Ilyassa Katou, left, and Bakar Ibrahim race to the ball during a game of dodgeball Friday at Tree Street Youth in Lewiston. Katou, 11, and Ibrahim, 13, are squad leaders at the center. Daryn Slover/Sun Journal

The building where Tree Street Youth started in 2011 had been a paint shop. After that, it was a preschool. Then it was a big, empty building.

Now, 10 years later, the outside is adorned with blue and green painted scales, the basketball court is buzzing with energy, and kids of all ages flow in and out of its doors with ease. The vibe: A more promising future.

The nonprofit that provides programming for city youth is marking its 10th anniversary this summer. Julia Sleeper, the executive director, co-founded the program with Kim Sullivan, though it was originally just meant to be a summer camp.

“We painted it up, designed a summer camp and ended up running our very first summer program in 2011, with eight teenagers from the neighborhood as street leaders,” Sleeper said. “The building was completely empty when we moved in. Every item of furniture was donated.”

Shafea Guhat leads an impromptu dance party during lunch Friday at Tree Street Youth in Lewiston. From left are Jaeda Jackson, Guhat, Nadira Ibrahim and Maher Ibrahim. Daryn Slover/Sun Journal

Sleeper saw an opportunity to create programming based on the large number of children in the downtown Lewiston neighborhood and the slow decline in summer camp scholarships. As summer drew to a close, the kids in the program started asking her and Sullivan about continuing through the school year. After a lot of fundraising, the two Bates College alumnae made it work.

Today, the facility is open year-round, free to all children. Programming serves 500 prekindergarten through seniors in high school, and includes academics, empowerment, college access, leadership, enrichment and mentorship. It has 13 staff members who support and direct the various programs.

The initial goal was to provide safety, which Sleeper believes has “multiple meanings.” First, there was ensuring the safety of the facilities and physical space. But there also needed to be safety in exploration.

“It was really more about allowing kids to be who they wanted to be, and the safety of that,” she said. “Being able to explore their identities, explore what they were navigating in the world, and be able to tell their truths of what they were experiencing.”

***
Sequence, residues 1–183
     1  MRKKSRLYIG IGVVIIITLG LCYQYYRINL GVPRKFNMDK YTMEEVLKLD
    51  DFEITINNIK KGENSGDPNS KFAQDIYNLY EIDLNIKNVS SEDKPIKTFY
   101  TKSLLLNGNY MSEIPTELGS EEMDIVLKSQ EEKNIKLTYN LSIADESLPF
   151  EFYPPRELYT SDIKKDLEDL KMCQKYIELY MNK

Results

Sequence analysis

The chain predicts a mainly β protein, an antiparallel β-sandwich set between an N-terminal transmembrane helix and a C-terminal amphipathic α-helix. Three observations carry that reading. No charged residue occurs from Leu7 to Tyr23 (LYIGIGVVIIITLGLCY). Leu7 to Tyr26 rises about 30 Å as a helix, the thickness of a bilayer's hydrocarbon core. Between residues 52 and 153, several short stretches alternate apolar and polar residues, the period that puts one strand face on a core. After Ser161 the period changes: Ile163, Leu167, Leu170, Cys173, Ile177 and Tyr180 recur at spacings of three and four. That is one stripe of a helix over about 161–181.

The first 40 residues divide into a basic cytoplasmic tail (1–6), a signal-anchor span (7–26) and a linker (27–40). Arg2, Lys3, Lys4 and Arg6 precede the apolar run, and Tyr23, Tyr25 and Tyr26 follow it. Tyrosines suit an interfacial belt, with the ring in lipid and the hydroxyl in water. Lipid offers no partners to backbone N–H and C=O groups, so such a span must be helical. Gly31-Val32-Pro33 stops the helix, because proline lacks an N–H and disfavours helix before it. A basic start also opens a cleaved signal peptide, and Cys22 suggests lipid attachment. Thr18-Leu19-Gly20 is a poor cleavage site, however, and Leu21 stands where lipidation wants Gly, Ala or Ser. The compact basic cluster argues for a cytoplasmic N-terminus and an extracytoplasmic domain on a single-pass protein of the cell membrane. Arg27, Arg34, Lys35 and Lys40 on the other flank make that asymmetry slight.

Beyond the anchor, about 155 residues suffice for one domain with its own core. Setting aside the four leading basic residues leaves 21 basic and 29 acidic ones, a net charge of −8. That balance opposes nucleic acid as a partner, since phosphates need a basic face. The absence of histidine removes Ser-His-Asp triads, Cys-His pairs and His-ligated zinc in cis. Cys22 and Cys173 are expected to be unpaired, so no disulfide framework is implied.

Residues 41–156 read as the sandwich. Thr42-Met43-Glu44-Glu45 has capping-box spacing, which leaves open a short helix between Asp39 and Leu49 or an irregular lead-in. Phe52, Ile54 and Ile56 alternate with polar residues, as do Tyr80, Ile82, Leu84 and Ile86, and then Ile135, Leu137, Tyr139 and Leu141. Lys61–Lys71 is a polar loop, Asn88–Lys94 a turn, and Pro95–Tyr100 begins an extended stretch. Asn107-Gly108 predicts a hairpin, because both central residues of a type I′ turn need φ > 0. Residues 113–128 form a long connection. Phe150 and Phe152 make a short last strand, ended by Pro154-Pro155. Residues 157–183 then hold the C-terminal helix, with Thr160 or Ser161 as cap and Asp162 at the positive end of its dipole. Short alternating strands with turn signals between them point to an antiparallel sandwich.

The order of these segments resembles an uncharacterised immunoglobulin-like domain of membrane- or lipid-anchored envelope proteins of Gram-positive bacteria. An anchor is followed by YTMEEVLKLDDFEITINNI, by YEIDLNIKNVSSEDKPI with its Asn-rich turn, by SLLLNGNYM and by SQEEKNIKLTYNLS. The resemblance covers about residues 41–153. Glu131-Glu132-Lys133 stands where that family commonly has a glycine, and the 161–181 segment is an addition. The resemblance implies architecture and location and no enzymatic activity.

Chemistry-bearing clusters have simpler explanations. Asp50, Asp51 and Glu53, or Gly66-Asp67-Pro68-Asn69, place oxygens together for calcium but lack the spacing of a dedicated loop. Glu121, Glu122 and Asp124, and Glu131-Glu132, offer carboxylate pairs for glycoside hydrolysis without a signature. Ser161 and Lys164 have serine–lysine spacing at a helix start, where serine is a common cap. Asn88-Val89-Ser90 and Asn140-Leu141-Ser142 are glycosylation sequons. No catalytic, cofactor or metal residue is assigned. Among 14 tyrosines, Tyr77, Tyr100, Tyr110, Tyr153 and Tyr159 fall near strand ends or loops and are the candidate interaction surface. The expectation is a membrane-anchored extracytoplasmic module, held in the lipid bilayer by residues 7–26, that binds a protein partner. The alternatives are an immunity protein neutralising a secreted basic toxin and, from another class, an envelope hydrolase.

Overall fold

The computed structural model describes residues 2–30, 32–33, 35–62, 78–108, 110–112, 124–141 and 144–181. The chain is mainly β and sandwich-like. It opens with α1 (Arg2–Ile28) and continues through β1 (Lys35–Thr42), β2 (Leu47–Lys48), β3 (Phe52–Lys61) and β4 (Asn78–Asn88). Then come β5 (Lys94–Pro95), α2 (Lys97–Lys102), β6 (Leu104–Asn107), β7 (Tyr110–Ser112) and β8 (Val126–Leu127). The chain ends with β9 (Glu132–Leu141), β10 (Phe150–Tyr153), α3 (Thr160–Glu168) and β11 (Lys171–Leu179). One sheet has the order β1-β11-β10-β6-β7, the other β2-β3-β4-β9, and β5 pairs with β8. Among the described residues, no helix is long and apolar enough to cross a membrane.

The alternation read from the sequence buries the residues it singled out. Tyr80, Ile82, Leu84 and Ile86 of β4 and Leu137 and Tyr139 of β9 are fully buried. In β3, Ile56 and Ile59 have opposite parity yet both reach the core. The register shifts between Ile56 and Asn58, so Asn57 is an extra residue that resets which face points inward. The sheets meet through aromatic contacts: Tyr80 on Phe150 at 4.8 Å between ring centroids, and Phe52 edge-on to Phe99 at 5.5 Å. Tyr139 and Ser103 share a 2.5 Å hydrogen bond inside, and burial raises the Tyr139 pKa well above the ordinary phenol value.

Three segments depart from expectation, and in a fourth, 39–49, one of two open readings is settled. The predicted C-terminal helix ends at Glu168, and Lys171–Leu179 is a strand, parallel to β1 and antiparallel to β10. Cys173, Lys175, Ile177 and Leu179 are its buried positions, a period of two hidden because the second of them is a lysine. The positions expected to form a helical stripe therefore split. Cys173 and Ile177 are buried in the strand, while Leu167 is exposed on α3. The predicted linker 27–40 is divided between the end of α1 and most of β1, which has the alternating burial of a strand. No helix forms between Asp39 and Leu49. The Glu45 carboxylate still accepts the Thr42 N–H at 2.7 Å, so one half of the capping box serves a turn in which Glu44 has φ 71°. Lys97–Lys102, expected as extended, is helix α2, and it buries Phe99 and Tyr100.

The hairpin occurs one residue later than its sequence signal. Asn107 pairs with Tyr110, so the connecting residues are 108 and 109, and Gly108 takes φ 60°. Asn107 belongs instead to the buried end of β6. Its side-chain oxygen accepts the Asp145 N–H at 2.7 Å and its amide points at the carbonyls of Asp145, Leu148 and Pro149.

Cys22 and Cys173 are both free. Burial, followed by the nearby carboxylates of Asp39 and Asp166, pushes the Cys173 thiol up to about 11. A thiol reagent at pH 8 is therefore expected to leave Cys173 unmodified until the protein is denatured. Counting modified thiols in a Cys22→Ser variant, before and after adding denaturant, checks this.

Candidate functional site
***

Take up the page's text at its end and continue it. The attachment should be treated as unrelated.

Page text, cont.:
By all accounts, Sleeper and the staff at Tree Street have succeeded. Bakar Ibrahim, a 13-year-old who has been attending programming since he was 4 years old, values the community immensely.

“It’s a safe environment for all kids, no matter your age or race or whatever,” he said. “I like working with the kids, I always have a smile on my face. Tree Street has improved every year. They are always making it bigger, better, and (more fun).”

Every year, Tree Street has grown. Whether more staff, new programs or additional students, the center is always evolving. Betty Robinson has witnessed the changes up close as the first chairwoman of the board. She first got involved when Sleeper was her graduate student at the University of Southern Maine’s Lewiston-Auburn College.

“My goal, and I think the goals of several others that were part of the startup group that became the board, was really to support Julia and to support the youth in Lewiston,” she said.

Robinson believes that not only are youth the future of Lewiston, but “the future of Maine.”

Though the organization is on its feet now, she remembers every month of those early years feeling like “we were on the edge of the cliff” when she reviewed the finances.

Anna VanValkenburgh has lunch Friday with a child at Tree Street Youth in Lewiston. VanValkenburgh is a staff member at the center. Daryn Slover/Sun Journal

“We just kept fundraising and making the deadlines,” she said. “Julia is very savvy and brought in the right, from the start, handful of advisers who were older and more experienced in the nonprofit world than she was.”

Many community leaders, citizens and companies jumped at the prospect of donating to Tree Street because of the immense impact made on the community.

Androscoggin Bank is one such organization. Neil Kiely, the president, said he is impressed by the “generational change in our community,” and believes the bank’s support will be “paid tenfold to our community in the future.”

While Sleeper was less knowledgeable in fundraising and organization, she knew how to create curriculums that were really meaningful for those they served.

Tree Street has many different programs, catering to different age groups and genders. The Branches program is one of the first, and aims to provide youth with academic support, focusing on increasing high school graduation rates, college acceptance, career exploration and college retention rates of first-generation students in Lewiston-Auburn. The program has more than 250 alumni and a 95% college acceptance rate.